This track belittles all in its wake, bomping and grinding across the Hip Hop horizon, infectiously sending listeners into a ritual frenzy.
Following in its wake is the more laid-back jazz of ‘The Way We Swing’, which starts with the opening enquiry:
“Yo man, what’s up with the Underground, man?
You guys old school, new school, R&B or Hip Hop?
What should I tell em?”
In unison the group launch into a more swimmingly vaudeville-esque light rap delivery, as they smoothly sway along to the Jimi Hendrix and his band of gypsy’s languid ‘Who Knows’ jazz rocking meander backing. Jacobs is joined by a cast of backing singers, that include C.M.J, Danny Myers, Vinny B and the southern lock-jaw drawl antics of MC Blowfish – another of Jacobs incarnations.
This marauding jaunt is used as a sound bite proclamation of the D U sound, a bird-finger salute to their detractors and confused critics.
‘Packet Prelude’ plays on the lounge-core piano blues of a late evening smoky club, where Jacobs sits at the grand, resigned and fateful. He gently caresses the ivory, and broodingly tinkles out the main motif of the ‘Sex Packets’ theme; an introduction to the finer details of the main concepts sultry and sulking suite.
‘Sex Packets’ riffs on the prelude, building on a sort of modern rapping bluesy jazz anthem to the wet-dream pill, and a bittersweet symphony detailing the culture surrounding this imaginary sex drug.
Minimal backing and use of sampling, this grand opus relies on cascading synth, piano, and interjections of wailing funk to conjure up an evocative parody to the wonder drug of the moment.
“Sex packets the girl of your dreams,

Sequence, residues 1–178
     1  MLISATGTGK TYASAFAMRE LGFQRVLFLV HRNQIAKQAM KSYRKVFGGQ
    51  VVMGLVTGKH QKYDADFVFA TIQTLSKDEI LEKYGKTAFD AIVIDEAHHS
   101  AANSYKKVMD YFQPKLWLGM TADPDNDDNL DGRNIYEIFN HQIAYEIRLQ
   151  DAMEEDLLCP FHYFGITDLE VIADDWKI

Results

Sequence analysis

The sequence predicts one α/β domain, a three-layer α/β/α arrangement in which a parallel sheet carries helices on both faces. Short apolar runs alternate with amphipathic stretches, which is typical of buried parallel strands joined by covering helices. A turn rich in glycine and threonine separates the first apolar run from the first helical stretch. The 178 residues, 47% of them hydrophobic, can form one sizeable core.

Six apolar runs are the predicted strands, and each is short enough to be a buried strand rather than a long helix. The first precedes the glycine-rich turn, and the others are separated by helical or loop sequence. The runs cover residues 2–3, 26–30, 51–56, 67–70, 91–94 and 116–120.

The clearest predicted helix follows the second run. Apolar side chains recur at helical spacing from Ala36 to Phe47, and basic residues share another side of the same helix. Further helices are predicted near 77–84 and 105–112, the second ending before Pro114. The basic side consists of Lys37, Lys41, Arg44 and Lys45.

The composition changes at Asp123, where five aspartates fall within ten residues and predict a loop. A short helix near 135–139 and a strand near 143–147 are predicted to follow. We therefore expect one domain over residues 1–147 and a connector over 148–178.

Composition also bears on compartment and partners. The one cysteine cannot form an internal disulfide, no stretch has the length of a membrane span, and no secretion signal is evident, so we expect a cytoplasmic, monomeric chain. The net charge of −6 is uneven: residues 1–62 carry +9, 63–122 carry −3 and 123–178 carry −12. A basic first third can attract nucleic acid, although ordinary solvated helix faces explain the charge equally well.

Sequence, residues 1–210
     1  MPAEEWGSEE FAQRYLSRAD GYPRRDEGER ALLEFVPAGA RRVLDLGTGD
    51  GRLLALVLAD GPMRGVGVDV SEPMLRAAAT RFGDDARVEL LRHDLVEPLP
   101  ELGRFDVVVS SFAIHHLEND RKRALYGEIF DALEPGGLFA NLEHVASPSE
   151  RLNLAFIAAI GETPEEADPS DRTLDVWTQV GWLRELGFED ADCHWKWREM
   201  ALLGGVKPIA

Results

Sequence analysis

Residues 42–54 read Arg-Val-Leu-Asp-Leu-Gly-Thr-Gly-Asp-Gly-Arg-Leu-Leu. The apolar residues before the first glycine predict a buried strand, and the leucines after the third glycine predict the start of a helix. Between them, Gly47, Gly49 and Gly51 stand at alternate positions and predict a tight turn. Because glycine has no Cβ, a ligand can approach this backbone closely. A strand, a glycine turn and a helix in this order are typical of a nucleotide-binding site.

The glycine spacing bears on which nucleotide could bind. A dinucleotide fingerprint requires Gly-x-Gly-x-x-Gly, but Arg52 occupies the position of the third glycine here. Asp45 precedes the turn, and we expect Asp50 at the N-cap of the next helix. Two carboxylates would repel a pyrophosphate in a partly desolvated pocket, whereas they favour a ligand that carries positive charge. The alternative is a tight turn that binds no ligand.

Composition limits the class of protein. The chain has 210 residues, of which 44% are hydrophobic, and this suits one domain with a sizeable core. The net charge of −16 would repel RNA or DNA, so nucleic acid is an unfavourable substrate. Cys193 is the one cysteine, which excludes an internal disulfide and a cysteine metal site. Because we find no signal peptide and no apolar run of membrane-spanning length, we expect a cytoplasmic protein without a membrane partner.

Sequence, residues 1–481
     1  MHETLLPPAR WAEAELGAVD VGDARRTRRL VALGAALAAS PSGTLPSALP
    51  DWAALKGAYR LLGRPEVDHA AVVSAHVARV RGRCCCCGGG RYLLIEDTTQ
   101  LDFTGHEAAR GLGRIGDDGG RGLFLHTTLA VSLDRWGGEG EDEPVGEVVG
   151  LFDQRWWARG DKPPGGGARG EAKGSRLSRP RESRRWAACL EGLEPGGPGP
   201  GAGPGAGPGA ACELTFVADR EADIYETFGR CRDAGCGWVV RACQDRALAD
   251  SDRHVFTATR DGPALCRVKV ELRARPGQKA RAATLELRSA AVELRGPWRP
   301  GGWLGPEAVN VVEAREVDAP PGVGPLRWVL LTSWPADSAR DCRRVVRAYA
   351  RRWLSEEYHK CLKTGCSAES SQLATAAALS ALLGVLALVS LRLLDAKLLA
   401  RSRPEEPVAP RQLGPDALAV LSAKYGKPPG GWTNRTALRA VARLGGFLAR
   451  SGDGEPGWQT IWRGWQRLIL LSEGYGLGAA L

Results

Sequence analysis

Just try one it’s not what it seems,
There’s love…..there’s love”.
Jacobs as Shock G, swoons about the pills attributes, and its positive impact. And how you can see get some action, no matter what the situation.
“You whispered in my ear, said “Not tonight”
You just won’t get with me, and you think that you dissed me,
But now I can still be getting busy, with any girl I like,
No more will I ever have to jack it,
Cause instead, I can just take a packet”.
An exchange between the ‘Computer Women’ and Shock livens up the experience, as our protagonist gets carried away in the dreamlike thrill.
There’s also a high-voiced R&B cameo from Maverick, his silky Vandross soulful tones lending some parodied serious lovemaking vocals to the heady mix – now an almost guaranteed addition to most commercial Hip Hop.
“I’m a give ya what you want,
I’m just feelin what you love
And I’m givin til you need,
A second interlude, or segue way, breaks up this soirée with the ‘Street Scene’ skit: we eavesdrop in on a sex packet deal, as the bustling street sounds and mono echoing D U track ‘Danger Zone’ booms in the background.